“Make up your mind. And while you’re at it, be a little more careful.” Starlight crossed her arms. “Word’s getting around about you and your quest for justice . . . Ava. If you keep this up, someone’s going to put two and two together and guess who you actually are.” Starlight’s tone said she’d already figured that out, and my stomach twisted as I wondered who else had. Not Uhjin or Jonathan, please . . . Of course, Jonathan already knew my real name, and he'd been in the cafe. He might have guessed at my powers too. “And if someone is the man you’re hunting or another Big Bad, you aren’t the only one in danger. A person who knows your face, your name, can find your family and friends easier than you think. And those kind of people won’t think twice about using anyone you love against you.”

My stomach twisted again. Surely Momma and Dad and my siblings were far enough away to be safe, surely . . . but what about Uhjin? My friends from college- Kearsten and Stephen and Jess and the rest? Jonathan? The people at my church? “What are you saying I should do?”

“Make a choice, like I said. Either take up the mask and keep fighting or don’t take the mask and save these powers of yours for emergencies.” Starlight shook her head. “Neither option will solve everything, but either will help. And it’s not a choice to make lightly. But you have to decide sooner or later.”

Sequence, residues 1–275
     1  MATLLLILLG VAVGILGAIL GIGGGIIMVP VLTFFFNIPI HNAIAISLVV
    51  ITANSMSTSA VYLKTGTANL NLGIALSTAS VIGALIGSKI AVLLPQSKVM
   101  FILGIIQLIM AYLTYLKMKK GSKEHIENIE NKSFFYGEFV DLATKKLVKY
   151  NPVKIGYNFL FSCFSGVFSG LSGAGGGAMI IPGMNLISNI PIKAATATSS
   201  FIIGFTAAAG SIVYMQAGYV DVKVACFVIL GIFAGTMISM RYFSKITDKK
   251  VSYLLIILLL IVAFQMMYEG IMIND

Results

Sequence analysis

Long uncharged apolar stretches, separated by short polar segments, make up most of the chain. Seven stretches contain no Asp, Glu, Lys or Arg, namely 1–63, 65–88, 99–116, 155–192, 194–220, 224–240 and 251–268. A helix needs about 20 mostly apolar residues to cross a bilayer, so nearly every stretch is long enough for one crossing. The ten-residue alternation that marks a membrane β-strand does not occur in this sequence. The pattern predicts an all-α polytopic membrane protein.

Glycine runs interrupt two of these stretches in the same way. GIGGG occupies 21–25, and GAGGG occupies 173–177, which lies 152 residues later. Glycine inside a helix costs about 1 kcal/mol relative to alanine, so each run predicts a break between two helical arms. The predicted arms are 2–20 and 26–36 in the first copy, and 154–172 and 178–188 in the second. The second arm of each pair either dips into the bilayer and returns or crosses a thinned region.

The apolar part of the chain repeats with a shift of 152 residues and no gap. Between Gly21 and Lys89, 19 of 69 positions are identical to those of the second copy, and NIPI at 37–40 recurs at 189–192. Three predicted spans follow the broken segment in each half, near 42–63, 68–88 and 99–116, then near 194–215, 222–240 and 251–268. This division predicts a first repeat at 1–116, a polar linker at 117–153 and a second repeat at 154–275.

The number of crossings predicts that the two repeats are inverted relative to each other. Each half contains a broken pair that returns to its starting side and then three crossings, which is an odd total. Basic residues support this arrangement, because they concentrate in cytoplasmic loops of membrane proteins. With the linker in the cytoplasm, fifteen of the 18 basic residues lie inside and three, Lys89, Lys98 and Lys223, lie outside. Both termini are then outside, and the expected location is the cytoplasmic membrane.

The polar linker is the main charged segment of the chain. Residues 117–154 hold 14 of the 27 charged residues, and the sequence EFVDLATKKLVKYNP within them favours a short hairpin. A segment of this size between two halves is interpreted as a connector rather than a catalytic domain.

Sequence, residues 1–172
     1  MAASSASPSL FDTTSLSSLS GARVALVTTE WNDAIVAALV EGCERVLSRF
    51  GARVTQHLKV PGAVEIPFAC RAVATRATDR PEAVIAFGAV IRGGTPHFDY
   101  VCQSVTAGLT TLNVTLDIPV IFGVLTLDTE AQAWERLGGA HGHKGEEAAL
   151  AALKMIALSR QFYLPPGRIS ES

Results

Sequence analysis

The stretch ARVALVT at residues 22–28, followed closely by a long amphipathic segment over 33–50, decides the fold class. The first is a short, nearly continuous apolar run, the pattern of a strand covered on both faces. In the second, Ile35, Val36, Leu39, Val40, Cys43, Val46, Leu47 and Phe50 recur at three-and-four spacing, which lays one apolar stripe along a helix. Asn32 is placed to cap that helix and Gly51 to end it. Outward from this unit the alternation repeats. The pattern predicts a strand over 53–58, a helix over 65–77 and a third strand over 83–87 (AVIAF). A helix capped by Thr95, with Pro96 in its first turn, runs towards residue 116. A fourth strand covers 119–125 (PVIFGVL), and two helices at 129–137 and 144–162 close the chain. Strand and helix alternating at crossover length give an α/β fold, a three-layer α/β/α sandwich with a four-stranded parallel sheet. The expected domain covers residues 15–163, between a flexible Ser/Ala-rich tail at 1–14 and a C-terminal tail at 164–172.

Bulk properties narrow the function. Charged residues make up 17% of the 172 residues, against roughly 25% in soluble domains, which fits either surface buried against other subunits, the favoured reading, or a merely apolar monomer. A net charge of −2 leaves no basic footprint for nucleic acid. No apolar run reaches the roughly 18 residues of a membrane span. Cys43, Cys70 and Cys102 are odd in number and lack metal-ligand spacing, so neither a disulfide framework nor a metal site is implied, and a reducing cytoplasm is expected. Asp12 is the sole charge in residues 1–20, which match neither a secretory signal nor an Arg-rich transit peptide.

Her words solidified what I’d known for weeks now. The knowledge sank like stones in my gut. “What do you think I should choose?”

“I don’t know you well enough to tell you that.” Naturally. We’ve never met before tonight. I’d be amazed that Starlight knows who I am at all, except that, as she pointed out, I had been talking to a lot of people and doing more of this amateur-heroing. Surely Starlight, who probably kept her ear to the ground and had dozens of contacts all through the city, would know about my mission. “I will say that you have power and talent to use it. Wasting that would be a shame. But it’s your choice. Think about it.”

With that, she finally left, climbing back up invisible stairs in the air until she reached the rooftop and disappearing into the night. I, too, set off for home, mulling wearily over Starlight’s advice.

When I reached the apartment, I found Uhjin on the couch watching Supergirl on her laptop. Her silky black curls were down; her makeup wiped away; and her fashionable outfit from earlier replaced by yoga pants and a pajama shirt that read “Bear-ly awake.” Seeing her make me stop short. Wow, I’m back late. Normally on a Saturday, she returned after I was comfortably asleep.

Uhjin paused her show and turned around. “You’re late.” She did a double-take. “You look terrible.”
“I’m fine,” I mumbled, though I probably wasn’t. The various cuts and scratches on my face and hands stung, my ribs were sore, and every part of me ached. Not that Uhjin needed to know that. “Hello to you too. And goodnight.”

“You aren’t fine.” I expected Uhjin to ask what happened. But instead, she got up and fetched me a bag of frozen peas for my bruises and antiseptic and Band-Aids for my cuts and scrapes. Only once I was thoroughly patched up did she return to her show and let me fall into bed. I was asleep before I hit the pillow.